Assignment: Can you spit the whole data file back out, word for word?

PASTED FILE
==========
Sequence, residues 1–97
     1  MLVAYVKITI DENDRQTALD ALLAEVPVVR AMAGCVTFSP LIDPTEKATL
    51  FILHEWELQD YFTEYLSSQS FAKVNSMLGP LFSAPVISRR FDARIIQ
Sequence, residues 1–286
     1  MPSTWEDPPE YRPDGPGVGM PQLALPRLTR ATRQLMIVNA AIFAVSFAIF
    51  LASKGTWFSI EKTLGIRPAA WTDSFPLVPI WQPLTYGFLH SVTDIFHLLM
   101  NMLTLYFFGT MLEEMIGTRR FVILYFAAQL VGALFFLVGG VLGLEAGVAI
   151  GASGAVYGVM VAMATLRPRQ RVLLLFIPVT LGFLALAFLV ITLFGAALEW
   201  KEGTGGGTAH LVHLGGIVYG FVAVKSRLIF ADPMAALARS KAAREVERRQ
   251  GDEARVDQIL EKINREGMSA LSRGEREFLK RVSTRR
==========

Sequence, residues 1–97
     1  MLVAYVKITI DENDRQTALD ALLAEVPVVR AMAGCVTFSP LIDPTEKATL
    51  FILHEWELQD YFTEYLSSQS FAKVNSMLGP LFSAPVISRR FDARIIQ
Sequence, residues 1–286
     1  MPSTWEDPPE YRPDGPGVGM PQLALPRLTR ATRQLMIVNA AIFAVSFAIF
    51  LASKGTWFSI EKTLGIRPAA WTDSFPLVPI WQPLTYGFLH SVTDIFHLLM
   101  NMLTLYFFGT MLEEMIGTRR FVILYFAAQL VGALFFLVGG VLGLEAGVAI
   151  GASGAVYGVM VAMATLRPRQ RVLLLFIPVT LGFLALAFLV ITLFGAALEW
   201  KEGTGGGTAH LVHLGGIVYG FVAVKSRLIF ADPMAALARS KAAREVERRQ
   251  GDEARVDQIL EKINREGMSA LSRGEREFLK RVSTRR